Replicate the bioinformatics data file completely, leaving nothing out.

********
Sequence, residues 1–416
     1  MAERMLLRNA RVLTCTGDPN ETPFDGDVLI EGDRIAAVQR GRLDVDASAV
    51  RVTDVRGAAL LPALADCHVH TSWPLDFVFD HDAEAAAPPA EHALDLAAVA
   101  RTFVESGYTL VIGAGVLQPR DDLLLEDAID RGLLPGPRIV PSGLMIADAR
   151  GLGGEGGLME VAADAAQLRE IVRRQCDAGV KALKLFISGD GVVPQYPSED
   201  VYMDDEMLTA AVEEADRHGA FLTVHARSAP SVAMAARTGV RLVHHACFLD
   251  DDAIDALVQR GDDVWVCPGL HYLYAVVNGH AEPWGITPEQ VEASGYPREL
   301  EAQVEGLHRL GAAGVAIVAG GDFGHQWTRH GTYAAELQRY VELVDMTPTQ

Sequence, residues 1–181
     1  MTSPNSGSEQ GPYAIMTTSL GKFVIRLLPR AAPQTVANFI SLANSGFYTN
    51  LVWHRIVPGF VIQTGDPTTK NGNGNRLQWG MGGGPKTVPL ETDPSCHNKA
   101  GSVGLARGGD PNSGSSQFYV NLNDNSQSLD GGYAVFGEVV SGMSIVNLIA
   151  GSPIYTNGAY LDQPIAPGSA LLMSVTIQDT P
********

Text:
Sequence, residues 1–416
     1  MAERMLLRNA RVLTCTGDPN ETPFDGDVLI EGDRIAAVQR GRLDVDASAV
    51  RVTDVRGAAL LPALADCHVH TSWPLDFVFD HDAEAAAPPA EHALDLAAVA
   101  RTFVESGYTL VIGAGVLQPR DDLLLEDAID RGLLPGPRIV PSGLMIADAR
   151  GLGGEGGLME VAADAAQLRE IVRRQCDAGV KALKLFISGD GVVPQYPSED
   201  VYMDDEMLTA AVEEADRHGA FLTVHARSAP SVAMAARTGV RLVHHACFLD
   251  DDAIDALVQR GDDVWVCPGL HYLYAVVNGH AEPWGITPEQ VEASGYPREL
   301  EAQVEGLHRL GAAGVAIVAG GDFGHQWTRH GTYAAELQRY VELVDMTPTQ

Sequence, residues 1–181
     1  MTSPNSGSEQ GPYAIMTTSL GKFVIRLLPR AAPQTVANFI SLANSGFYTN
    51  LVWHRIVPGF VIQTGDPTTK NGNGNRLQWG MGGGPKTVPL ETDPSCHNKA
   101  GSVGLARGGD PNSGSSQFYV NLNDNSQSLD GGYAVFGEVV SGMSIVNLIA
   151  GSPIYTNGAY LDQPIAPGSA LLMSVTIQDT P